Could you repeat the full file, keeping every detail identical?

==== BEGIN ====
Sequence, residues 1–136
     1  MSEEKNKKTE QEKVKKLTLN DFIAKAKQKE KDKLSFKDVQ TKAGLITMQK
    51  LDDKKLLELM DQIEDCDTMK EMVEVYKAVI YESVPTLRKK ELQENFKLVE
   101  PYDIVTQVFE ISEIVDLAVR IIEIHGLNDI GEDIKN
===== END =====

Sequence, residues 1–136
     1  MSEEKNKKTE QEKVKKLTLN DFIAKAKQKE KDKLSFKDVQ TKAGLITMQK
    51  LDDKKLLELM DQIEDCDTMK EMVEVYKAVI YESVPTLRKK ELQENFKLVE
   101  PYDIVTQVFE ISEIVDLAVR IIEIHGLNDI GEDIKN